Salameh Neimat, an artist, art collector and a journalist, first conceived the idea of creating a contemporary art center and a gallery space to feature contemporary Jordanian and Middle Eastern Art. Set in his privately owned olive grove, we wanted to make a building with minimal foot print, so the building hovers above the land.
Grappling with the desire to make a building that flies in a horizontal cantilever of about 20 meter, and the structural challenge this holds, we wanted a piece of architecture that hovers above the olive grove. It was intended to see the unblocked view of the flat olive grove upon arrival, and walk by a sculpture garden.
The building would not occupy the site but would rather fly above it. It is designed to become a metaphor for rock strata that erodes with time. From one end, the building erodes and dissolves in space, creating an intricate natural break point which suggests the building's being in a continuous state of breakage, a never-ending breaking process.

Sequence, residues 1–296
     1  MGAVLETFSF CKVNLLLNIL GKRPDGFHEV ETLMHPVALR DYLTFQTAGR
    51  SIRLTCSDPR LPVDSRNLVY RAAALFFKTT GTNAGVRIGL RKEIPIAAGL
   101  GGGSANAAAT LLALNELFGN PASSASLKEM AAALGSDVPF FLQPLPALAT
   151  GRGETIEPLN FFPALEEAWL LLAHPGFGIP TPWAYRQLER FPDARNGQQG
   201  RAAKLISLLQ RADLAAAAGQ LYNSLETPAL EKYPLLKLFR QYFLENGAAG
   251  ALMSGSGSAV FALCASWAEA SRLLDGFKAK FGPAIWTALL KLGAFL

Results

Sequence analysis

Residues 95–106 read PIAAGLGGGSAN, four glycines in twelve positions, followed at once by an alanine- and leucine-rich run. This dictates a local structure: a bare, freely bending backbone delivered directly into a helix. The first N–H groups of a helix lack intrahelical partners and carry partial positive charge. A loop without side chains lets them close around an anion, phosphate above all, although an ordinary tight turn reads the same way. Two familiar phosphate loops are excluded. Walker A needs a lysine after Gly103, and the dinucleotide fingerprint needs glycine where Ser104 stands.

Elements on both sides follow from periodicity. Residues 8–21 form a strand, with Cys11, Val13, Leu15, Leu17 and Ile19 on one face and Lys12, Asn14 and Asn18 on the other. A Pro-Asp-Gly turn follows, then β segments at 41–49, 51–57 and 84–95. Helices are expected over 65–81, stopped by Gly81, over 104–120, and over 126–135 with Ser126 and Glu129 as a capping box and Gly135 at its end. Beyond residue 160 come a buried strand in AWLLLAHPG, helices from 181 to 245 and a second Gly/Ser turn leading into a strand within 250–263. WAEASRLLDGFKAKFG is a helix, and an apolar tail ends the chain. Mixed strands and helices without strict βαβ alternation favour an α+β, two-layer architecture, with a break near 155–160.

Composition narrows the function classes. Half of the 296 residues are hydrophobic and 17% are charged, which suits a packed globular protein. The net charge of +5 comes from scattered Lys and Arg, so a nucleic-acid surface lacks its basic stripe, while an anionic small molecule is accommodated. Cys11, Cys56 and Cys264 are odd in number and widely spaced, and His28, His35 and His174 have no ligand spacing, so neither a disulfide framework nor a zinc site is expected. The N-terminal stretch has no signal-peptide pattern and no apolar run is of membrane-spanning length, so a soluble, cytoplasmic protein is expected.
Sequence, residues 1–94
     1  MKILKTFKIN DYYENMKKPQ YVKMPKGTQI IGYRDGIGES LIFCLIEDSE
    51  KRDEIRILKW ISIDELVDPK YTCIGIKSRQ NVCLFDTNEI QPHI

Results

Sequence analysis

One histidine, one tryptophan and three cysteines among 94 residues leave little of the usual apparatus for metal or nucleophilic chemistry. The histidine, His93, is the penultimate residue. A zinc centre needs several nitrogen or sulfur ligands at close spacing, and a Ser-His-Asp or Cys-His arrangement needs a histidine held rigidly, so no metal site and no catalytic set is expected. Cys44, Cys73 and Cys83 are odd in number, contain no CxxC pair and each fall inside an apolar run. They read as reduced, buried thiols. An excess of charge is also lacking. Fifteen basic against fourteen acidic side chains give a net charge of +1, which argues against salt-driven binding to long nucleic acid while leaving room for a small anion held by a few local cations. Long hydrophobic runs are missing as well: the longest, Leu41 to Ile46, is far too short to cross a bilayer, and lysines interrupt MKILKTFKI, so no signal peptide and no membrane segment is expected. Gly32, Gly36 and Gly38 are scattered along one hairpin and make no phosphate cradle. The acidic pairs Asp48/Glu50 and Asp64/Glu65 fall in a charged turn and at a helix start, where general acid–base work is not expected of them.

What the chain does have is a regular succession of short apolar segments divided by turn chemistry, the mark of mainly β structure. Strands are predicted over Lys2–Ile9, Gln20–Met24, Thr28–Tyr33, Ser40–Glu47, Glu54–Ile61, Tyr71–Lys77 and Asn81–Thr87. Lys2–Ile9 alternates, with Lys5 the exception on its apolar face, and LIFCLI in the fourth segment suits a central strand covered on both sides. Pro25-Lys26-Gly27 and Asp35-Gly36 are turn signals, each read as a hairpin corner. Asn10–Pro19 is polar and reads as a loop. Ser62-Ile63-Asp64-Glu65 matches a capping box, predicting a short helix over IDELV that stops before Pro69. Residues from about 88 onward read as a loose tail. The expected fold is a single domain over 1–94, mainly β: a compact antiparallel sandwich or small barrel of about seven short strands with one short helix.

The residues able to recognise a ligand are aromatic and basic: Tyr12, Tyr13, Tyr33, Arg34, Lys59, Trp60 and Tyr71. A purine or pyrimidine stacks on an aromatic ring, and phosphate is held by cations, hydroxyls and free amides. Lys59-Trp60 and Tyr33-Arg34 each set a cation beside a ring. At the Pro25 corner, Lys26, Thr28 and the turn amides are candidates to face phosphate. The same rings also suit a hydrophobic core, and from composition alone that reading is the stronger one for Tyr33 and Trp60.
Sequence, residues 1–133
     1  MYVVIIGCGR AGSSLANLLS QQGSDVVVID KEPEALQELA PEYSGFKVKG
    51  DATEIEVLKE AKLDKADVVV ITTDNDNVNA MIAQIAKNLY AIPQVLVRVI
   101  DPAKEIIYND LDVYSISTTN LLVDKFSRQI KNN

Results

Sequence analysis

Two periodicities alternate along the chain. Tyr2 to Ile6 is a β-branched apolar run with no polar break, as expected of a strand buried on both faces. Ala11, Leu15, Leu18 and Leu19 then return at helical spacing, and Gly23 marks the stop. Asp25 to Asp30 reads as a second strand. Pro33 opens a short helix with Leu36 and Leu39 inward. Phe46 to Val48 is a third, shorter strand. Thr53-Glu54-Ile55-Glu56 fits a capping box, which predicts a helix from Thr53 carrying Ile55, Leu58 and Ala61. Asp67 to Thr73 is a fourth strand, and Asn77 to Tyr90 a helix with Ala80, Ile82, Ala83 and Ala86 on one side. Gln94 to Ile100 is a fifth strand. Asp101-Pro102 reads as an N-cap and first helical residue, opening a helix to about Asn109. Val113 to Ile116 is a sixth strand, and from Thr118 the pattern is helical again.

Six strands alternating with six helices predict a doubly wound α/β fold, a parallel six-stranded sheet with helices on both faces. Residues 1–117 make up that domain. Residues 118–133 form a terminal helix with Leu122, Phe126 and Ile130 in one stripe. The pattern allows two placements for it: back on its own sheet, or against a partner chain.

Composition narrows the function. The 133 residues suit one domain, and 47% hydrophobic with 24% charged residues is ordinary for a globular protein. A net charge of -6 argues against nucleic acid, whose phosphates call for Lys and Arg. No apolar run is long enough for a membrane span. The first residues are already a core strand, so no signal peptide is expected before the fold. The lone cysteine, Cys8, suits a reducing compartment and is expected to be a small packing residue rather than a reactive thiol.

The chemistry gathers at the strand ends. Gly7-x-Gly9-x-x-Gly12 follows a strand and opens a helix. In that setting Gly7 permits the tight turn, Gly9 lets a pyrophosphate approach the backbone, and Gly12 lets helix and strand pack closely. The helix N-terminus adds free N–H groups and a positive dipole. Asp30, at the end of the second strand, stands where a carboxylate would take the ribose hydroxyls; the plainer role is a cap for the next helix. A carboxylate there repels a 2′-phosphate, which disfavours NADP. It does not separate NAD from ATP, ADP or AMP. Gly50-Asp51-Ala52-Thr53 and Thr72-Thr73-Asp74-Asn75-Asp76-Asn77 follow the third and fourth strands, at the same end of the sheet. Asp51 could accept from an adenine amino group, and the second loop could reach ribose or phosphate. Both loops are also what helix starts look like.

Recycled stone was used for the façades to minimize the cost while also preserving the naturally induced randomness a recycled material gives you. Recycled materials force you to accept certain qualities from its formation process. This quality has its importance which cannot be obtained from purpose-cut stone, and this adds to the architecture of the place.